Keep Concrete Moist for Maximum Strength

From Popular Mechanics

QUESTION: I’ve been told that new concrete should be kept moist for at least three days while curing. I’m wondering just how much stronger can it get, and how long should it cure for maximum strength?

ANSWER: Keeping concrete moist helps the curing process. Concrete hardens as a result of a chemical reaction, called hydration, between cement and water, not because it dries.

The hardening, or curing, continues as long as moisture remains in the concrete. If too much water is lost from the concrete through evaporation, the hardening process slows down or ceases.


Concrete continues to gain strength after pouring for as long as it retains moisture, but the longer it moist-cures, the slower the rate of strength gain.

Moist-curing concrete for 20 days more than doubles its strength compared to four days of moist-curing, which is considered a minimum. Although the greatest gain is in the first week or two after pouring, the curing process continues for several months.

Concrete that is not moist-cured at all dries too rapidly, and reaches less than half its potential design strength. It will also have a greater number of shrinkage cracks.

The most frequent moist-curing method is to spread moisture-retaining fabric, such as burlap, over the concrete after it has hardened enough to prevent surface damage. The fabric should be kept thoroughly soaked with a garden hose so that a film of water remains on the entire surface of the concrete throughout the curing period.

How to Deal With Ceiling Water Stain

Q: A water stain on my ceiling keeps bleeding through every time I repaint. How can I seal that stain for good?

A: First, you have to be sure that you correct the problem that causes the staining. After stopping the flow of water, apply a coat of pigmented shellac over the stain. Wait a couple of weeks before applying the finish coat to be sure the problem has been solved.


How to Work Safely While Doing Roofing

Q: I own a 2 1/2-story home that needs reshingling, and I could use some tips on working safely on a multi-gabled, steeply pitched roof. I’m also wondering about the most economical and practical way to go about the job. The roof now has three layers of cedar shakes over tar paper and boards of varying widths. Many of the boards have 1- or 2-inch spaces between them. We like the shakes, but the cost seems prohibitive compared to asphalt shingles.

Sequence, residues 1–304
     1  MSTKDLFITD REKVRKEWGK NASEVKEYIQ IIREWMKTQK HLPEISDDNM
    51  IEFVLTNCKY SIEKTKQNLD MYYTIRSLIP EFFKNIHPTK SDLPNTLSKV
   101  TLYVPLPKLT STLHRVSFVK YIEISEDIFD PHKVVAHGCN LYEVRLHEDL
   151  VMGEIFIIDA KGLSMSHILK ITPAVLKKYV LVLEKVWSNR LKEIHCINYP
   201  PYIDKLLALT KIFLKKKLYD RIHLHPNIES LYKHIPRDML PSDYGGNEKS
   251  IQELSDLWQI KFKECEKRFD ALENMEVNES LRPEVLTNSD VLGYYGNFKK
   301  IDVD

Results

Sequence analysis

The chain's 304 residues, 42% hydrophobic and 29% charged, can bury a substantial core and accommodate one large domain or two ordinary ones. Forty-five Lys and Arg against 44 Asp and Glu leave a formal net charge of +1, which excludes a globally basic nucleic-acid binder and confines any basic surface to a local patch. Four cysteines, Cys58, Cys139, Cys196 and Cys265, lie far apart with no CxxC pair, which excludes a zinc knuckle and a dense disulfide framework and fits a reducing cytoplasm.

A: For working safely on a roof, wear loose-fitting clothes so you can move around freely. Also wear soft-soled shoes to prevent slipping. High-top sneakers with good ankle support are recommended. Never go on a roof on a wet or windy day. Shingles can be slippery when wet.

On a steep roof, the roofing ladder should be anchored in place with a bracket or framework that extends over the ridge or roof peak. This is especially important for roofs with a 4 to 12 pitch or greater. (The first number indicates how many feet the roof rises vertically for every 12 feet of horizontal distance.) You can also use roof brackets in conjunction with a ladder.

The ladder’s rungs provide a firm footing that will keep you from sliding down as well as convenient hand holds. Position the ladder so you won’t have to reach out to the sides to work. If you do have to reach out sideways, always hold the ladder with the other hand and keep your hips between the ladder rails.

As to reshingling, regardless of whether you use asphalt shingles or shakes, you will have to remove the existing three layers first. If you use wood shingles, these can go over existing boards. However, if you want to use asphalt, you’ll have to cover the roofing boards with plywood sheathing. This is required to span the gaps between the boards so the asphalt shingles won’t sag, forming horizontal grooves in the roof.

You are concerned about the cost difference between shakes and asphalt shingles. Wood shingles are considerably more expensive than asphalt--as much as three or four times the cost--and are more time-consuming to install. A professional might charge five to six times as much for the shakes.


Asphalt shingles come in various weight classes from 210 to 400 pounds per roofing square. A roofing square is 100 square feet. The heavier the shingles, the greater their durability and the higher the cost. The cost for top-of-the-line asphalt shingles, however, compares favorably with that of ordinary wood shingles.

Covering Hole Left by Removing Heaters

Q: I recently installed a central heating system in my home. The old heaters, measuring 20-by-60 inches, are mounted back to back in the wall between rooms. Removing these units will leave a huge pass-through between the rooms.

I want to frame out the openings and repair the walls so the patch won’t be noticeable. Should I use lath and plaster, or should I try to make a flush patch with easier-to-handle wallboard?

A: If you want a perfectly smooth wall, you should cover the entire wall from corner to corner with wallboard. It’s very difficult to achieve perfection with a patch. Depending on how light strikes the wall, you will see ripple shadows at the patched joints.

But, if you intend to hang pictures on this wall or cover it with a textured paint or wallpaper, patching would be adequate. Because of the size of the opening, filling it with wallboard would be best.